Richard J Kinch
Updated: April, 2019.
Understanding lens fungus:Lens fungus is a microbial growth on glass surfaces of camera lenses and other optical devices. It is literally an infectious disease of lenses which is very common. If you own lenses but haven't seen it, that is because you haven't looked. It takes a number of forms but the typical destructive growth pattern results from microscopic spores growing in webbed, branching mycelium structures across an optical surface. In some cases this can be cleaned off and the lens restored, but often the process is pernicious: metabolic products of the fungus etch the glass lens surface or coatings, or the growth may be on internal glass surfaces that cannot be reached for cleaning. Like dust or fingerprints on a lens, obstruction and obscuration of the lens progress in degrees, from a slight loss of image contrast and resolution to complete ruin.
Using a flashlight and magnification to identify lens fungus: Effective diagnosis of the presence of lens fungus requires proper lighting and magnification, like any task in microscopy. A casual look through a lens towards a diffuse light source with the naked eye will not reveal any but the most severe cases. The most convenient critical method is to shine a bright flashlight through the lens while looking off-axis at the surfaces under the magnification of a 10X eye loupe. This is a low-power version of what a microscopist would call darkfield illumination. My best tools for this purpose have been simply a handheld LED tactical flashlight and a viewfinder eyepiece taken from an old discarded camera. I shine the light through one end of the lens, and hold the loupe to my eye and bring the lens up to a focused magnification.
Every lens always has some dust contamination (short of clean-room conditions) that this examination will reveal, but the presence of the spreading fibrils of mycelium look quite distinct from ordinary dust. Fogging and other diffuse imperfections and degradations in the lenses and coating will also be revealed. Not to be pessismistic, but looking at the true conditions of one's expensive lenses can be frightening. They're never as clean as we might wish, and you might find damage.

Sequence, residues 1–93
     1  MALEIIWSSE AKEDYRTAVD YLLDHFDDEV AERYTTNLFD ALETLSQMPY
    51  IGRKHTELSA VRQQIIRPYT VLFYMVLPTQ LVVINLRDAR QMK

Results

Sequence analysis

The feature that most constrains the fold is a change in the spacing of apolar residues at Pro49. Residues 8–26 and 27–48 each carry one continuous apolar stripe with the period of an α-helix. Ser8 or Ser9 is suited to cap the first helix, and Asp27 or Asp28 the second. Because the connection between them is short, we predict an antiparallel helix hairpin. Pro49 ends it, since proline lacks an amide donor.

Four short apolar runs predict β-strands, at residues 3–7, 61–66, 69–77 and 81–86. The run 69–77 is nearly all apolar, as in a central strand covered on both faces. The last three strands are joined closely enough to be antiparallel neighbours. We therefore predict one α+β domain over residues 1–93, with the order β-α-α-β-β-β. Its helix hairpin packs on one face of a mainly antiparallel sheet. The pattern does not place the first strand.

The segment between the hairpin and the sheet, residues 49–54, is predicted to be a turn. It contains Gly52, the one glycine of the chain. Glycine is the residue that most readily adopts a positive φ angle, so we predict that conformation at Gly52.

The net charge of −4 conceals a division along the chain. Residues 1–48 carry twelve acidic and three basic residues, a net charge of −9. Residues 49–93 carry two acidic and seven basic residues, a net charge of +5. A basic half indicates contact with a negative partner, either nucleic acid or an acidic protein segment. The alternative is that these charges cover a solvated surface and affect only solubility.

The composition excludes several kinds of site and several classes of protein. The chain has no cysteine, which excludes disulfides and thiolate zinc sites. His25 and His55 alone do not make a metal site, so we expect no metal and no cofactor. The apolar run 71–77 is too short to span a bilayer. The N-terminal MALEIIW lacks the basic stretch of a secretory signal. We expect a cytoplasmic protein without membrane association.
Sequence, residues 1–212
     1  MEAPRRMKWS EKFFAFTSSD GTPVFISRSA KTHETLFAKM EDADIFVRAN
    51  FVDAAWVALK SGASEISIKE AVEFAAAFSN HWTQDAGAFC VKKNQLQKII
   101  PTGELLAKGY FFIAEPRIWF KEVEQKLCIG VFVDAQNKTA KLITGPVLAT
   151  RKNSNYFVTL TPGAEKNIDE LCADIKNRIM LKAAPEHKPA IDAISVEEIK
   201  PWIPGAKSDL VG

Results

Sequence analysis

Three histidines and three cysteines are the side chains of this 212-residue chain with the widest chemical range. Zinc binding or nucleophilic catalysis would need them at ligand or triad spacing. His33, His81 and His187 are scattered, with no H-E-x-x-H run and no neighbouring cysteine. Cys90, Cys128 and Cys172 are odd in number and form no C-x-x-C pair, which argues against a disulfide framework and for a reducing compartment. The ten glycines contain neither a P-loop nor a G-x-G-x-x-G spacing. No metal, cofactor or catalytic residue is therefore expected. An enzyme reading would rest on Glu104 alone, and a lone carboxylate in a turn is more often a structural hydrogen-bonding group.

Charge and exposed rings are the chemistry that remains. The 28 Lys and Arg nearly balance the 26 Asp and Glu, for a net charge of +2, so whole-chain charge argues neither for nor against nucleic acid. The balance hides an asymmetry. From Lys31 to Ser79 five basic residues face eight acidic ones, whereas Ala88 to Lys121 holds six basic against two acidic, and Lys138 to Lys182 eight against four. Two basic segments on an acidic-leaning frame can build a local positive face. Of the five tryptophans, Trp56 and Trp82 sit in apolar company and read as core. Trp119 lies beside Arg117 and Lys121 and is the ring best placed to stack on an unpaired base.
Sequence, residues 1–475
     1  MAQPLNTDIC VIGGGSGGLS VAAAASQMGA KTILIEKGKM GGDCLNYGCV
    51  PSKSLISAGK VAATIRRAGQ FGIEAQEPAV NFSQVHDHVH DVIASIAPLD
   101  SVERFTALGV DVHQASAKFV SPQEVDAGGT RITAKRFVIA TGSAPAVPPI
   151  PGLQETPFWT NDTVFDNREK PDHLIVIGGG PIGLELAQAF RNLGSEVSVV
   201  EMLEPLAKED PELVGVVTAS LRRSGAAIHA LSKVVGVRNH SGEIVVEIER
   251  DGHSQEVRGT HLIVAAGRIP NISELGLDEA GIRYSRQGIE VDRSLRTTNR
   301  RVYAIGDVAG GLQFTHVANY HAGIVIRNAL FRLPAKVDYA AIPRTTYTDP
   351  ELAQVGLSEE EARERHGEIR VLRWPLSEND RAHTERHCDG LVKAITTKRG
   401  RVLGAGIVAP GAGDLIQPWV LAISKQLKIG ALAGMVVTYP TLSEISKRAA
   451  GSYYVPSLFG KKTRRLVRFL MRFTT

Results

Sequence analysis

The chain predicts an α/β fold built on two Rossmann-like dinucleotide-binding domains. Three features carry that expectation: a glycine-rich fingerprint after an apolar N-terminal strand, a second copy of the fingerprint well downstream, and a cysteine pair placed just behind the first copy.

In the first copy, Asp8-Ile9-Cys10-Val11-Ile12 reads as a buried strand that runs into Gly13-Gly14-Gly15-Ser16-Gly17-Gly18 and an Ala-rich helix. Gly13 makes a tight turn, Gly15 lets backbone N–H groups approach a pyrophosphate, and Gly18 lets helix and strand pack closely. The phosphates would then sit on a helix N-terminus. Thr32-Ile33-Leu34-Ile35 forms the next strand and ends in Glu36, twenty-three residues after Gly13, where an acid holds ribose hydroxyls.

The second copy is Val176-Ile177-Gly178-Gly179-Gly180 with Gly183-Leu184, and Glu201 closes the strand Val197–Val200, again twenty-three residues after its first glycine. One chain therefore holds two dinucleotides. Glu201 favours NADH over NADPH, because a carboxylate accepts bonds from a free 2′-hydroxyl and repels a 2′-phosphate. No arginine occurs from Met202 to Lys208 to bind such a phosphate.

This is one of the worst specimens of fungus damage I have encountered in my optical engineering work. The item is a 32mm diameter heat-absorbing glass filter from an HBO 100 watt mercury lamp, which was part of a Leitz Dialux microscope. I thoroughly cleaned this filter, so what you are seeing in the photograph is not the fungus itself, but the irreparable etching of the glass caused by the fungus. No amount of cleaning will remove this damage, which shows why the common advice about cleaning lens fungus is typically futile. Sometimes fungal growth is superficial, has not damaged the glass, and can be cleaned, but typically the glass is permanently ruined as seen here. To the naked eye, this piece appears to have deposits, not etching, making it cloudy. Note the fine dendritic growth pattern of the fungal hyphae, which are narrow lines of etching surrounded by intact surface. Cloudier areas are entirely etched. The overall effect is to destroy the polished optical surfaces and ruin the function of the element.
Consider several remarkable aspects of this specimen: (1) It was next to a glass condenser lens which was entirely free of fungal damage and debris. This strongly suggests that the composition of the glass is critical to both the growth of the fungus and the damage. (2) Being in the path of the mercury arc light would have exposed this glass to intense UV rays which would sterilize any microbes.
Photographed with handheld Canon 5D Mark II, Canon 24-105mm L lens, Canon extension tube EF25 II, Mini-Maglite 3W LED. See in full resolution.